Do they realise that, as mother subjects them to yet another round of work toddler stylee, she is doing this out of love? I suspect not. Do they somehow recognise that mother is doing this out of a desire to offset her own fears of inadequacy? That their own emotional needs are secondary? Eventually, I suspect, they do.

Just for the record, children (in particular very small children) require relationship above all else. Over-structuring their time leaves little room for the spontaneous development of attachment that will provide the blue print for all of their later relationships. That is not to say that intellectual stimulation and structure are not important. But they really should take second place to the child’s capacity to experience itself in relation to a loving and accepting other. Sitting with your child in front of CBeebies, chatting and taking pleasure in their pleasure, is, ironically, probably far better for their emotional development than any number of outings to Professional Toddler Stimulation plc.

You know who you are. Please just stop it.

PS. I have a friend of a friend who is über Yummy Mummy. Her husband is a surgeon. She refuses to do his washing or ironing (she does her own and the children’s) and hires a cleaner on the grounds that ‘my job is motherhood’. I must admit – child development issues aside - I can’t help but admire her chutzpah.

Friday, June 01, 2007

Funny How Things Remind You...

Whenever you get back from Italy you think there is no point ever cooking again, you will never recreate such lovely food....

Says nmj

I am inclined to agree.

She reminds me of the time we emerged from a jungle track in Costa Rica, to see a sign in Italian:

Pizza! Al Forno di Legno!

We had driven through a 'monkey trail' in the Guanacaste region of Costa Rica, in search of a secluded beach about which we had been told. Playa Prieta is a beautiful white sand beach edged by the jungle and buffeted by huge pacific waves. It is a paradise if ever there was one. If you are really lucky, howler monkeys will visit, curious to investigate your presence. Even in high season you are unlikely to see any visitors there apart from a handful of local people. It is too far off the beaten track for most tourists to bother.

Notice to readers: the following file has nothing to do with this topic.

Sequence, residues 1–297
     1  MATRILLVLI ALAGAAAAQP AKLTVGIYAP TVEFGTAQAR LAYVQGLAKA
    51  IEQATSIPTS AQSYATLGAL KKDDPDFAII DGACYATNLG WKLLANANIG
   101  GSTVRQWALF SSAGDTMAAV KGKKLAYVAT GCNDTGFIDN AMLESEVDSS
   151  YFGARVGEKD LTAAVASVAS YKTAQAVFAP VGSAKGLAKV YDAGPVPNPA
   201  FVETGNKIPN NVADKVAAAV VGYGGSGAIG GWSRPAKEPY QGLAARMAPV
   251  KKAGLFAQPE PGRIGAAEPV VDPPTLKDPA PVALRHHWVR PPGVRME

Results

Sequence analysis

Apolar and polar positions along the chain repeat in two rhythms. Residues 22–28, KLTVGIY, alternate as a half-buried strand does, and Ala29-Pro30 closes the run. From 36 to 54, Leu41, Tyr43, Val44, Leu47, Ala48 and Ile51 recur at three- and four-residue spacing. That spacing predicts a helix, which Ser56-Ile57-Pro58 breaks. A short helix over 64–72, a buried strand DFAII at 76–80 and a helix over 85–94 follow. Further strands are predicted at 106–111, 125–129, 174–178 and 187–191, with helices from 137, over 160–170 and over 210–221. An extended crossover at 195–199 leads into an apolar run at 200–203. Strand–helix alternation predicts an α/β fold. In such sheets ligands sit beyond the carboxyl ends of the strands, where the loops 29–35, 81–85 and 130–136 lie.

Playa Prieta

'Monkey trails' are the rough tracks that cut through the jungle of the Guanacaste region, and offer shortcuts for the very brave from one main road to the next. 'Main road' is something of a misnomer in Costa Rica. Anything but the Pan American highway is nothing more than a dirt track, full of potholes and very slow going. The monkey trails are so but with bells on. Cut through the jungle, they link small communities who are more used to travelling by horse back. These days most have vehicles, but you are a brave person to attempt it without a jeep, a spare wheel, a jack and the nouse to use it. Or a horse.

We forded rivers, scrambled over tree stumps, went eeny-meeny-miney-mo at every junction and, fingers crossed tightly, emerged at the small community of Portrero. And then I saw the sign.

Pizza! Al Forno di Legno!

My Italian is not great, but I knew that this meant pizzas baked in a wood burning oven. The Husband was beside himself. His favourite food ever - since a trip to Italy the previous year when my sister had introduced him to the sheer joy of a genuine Italian pizza - found on the edge of the Costa Rican jungle.

We stopped at the small hotel, owned by a family from Milan. They really did have a wood-burning oven, and the pizza was spectacular. Neither our Italian nor our Spanish were good enough to establish why they were living on the edge of the jungle in a remote part of Guanacaste. That was ok. It allowed us to make up their story as we ate our pizza.

We saw a turqoise-browed motmot as we left. I am a secret twitcher, and as I spied it through my binoculars I felt even more excited than I had the time I spotted a migrant hoopoe in Anglesey.

Turqoise-browed motmot

A few days later we saw a Jabiru, after a very arduous three hour drive along the roughest of roads and a change of wheel at the roadside. It was well worth it. This is a monster of a wading bird, at almost four foot high, and from a distance looks like a little old man in an overcoat.

The magnificent jabiru

Costa Rica is a very special place. They welcome tourists - their economy depends upon it - and yet they remain committed to sustainable tourism and protecting their natural inheritance. We were woken by howler monkeys each morning at 5am. We saw Iguanas sunning themselves in the midday sun as we drank our pipas frias, and fireflies lighting up the bush at night. We saw huge Olive Ridley Turtles clambering up the beach at night, and tiny turtles making their way back to the sea.

Iguana, sunning itself

The pipas frias seller in Playa del Coco

And Portero has the most wonderful pizza al forno di legno.